Last edited 27 Mar 2016

UKCES offsite construction skills evaluation

On 21 October 2015, the UK Commission for Employment and Skills (UKCES) published the findings of the first productivity challenge of the UK Futures Programme. See UKCES Futures Programme evaluation: offsite construction.

The findings relate to a series of case studies intended to assess the offsite construction sector. Five skills projects piloted different approaches to improving sectoral collaboration and training opportunities for new and existing workers:

  • Skanska created an employer-led offsite management school with over 200 unique member companies and almost 300 individual learners.
  • Laing O’Rourke developed a live site scenario for training solutions allowing changes to be implemented in real time, cutting delays, improving ways of working and reducing waste.
  • Steel Construction Institute (SCI) consulted with more than 75 companies to develop and test online learning and training resources.
  • Edinburgh Napier University created an offsite construction hub to define and showcase skill requirements and encourage collaboration between professions.
  • Buildoffsite expanded their online comparison tool to evaluate onsite and offsite solutions at the early development stage.

The final evaluation was presented in the form of three briefing papers:

  • An evaluation of the five projects.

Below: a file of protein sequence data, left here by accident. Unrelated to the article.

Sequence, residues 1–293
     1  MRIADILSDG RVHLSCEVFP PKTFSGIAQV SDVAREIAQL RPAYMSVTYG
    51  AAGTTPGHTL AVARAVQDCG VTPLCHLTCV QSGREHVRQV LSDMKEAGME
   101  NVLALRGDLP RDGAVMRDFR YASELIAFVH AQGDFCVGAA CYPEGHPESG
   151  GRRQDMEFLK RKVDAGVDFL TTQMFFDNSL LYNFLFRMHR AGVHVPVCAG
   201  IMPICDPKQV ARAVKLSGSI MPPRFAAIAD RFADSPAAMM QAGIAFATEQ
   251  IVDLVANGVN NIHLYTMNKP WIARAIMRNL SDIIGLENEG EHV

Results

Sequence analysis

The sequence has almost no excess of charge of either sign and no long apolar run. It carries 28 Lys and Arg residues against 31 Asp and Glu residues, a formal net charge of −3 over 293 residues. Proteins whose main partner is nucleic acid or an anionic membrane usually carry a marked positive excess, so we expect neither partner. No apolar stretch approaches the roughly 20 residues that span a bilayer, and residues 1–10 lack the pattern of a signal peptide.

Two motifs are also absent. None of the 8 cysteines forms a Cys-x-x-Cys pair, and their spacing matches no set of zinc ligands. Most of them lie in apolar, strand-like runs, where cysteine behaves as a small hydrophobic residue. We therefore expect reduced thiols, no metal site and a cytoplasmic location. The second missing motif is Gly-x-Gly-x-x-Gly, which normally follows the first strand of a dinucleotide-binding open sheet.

• A detailed case study of the project led by Edinburgh Napier University, the Offsite Hub (Scotland).
  • A brochure summarising the five projects that made up the challenge.

Areas addressed through the five projects included; management skills, operational skills and developing contextual understanding of the offsite construction sector. The findings based on the delivery of the projects included:

  • The need for leadership to capitalise on the potential opportunities of industrialisation of the sector.
  • The ability of employers to improve skills in sectors, regions and supply chains, by working with each other, their employees, universities and professional associations.
  • The need for collaboration to build the skills needed for growth.
  • The potential for competitors to become collaborators where there is a common challenge and a foundation of strong individual or group relationships.
  • Skill gaps were sometimes greater than first realised, but corrective action could be taken.
  • Educators and businesses must work more closely together to ensure educational institutions and professionals keep up with technological advancements.

It was suggested that the findings are applicable to wider sectors, as well as offsite construction.

Rob Francis, director of innovation and business improvement at Skanska, said, “This challenge allowed us to look at something in a completely different way, and to take it forward together. It is clear that change in the sector needs to be a long-term commitment.

Dr Bill McGinnis CBE, former chair of the McAvoy Group (offsite solutions) and former UKCES Commissioner, said: “Although the scale of the skills challenges is greater than can be addressed through 6 month projects, this challenge has catalysed the start of, in the words of one of our project leads, ‘a 10 year change programme’ to ensure it has the skilled people it needs to fulfil its potential.”

Carol Stanfield, assistant director at UKCES, said: “The Challenge has supported businesses in the off-site construction sector to tackle specific issues prompted by technological developments. However, much of the learning that we gathered from these projects, about collaboration and sharing best practice, is applicable to any sector facing similar technological change – something that is currently affecting almost the entire economy.

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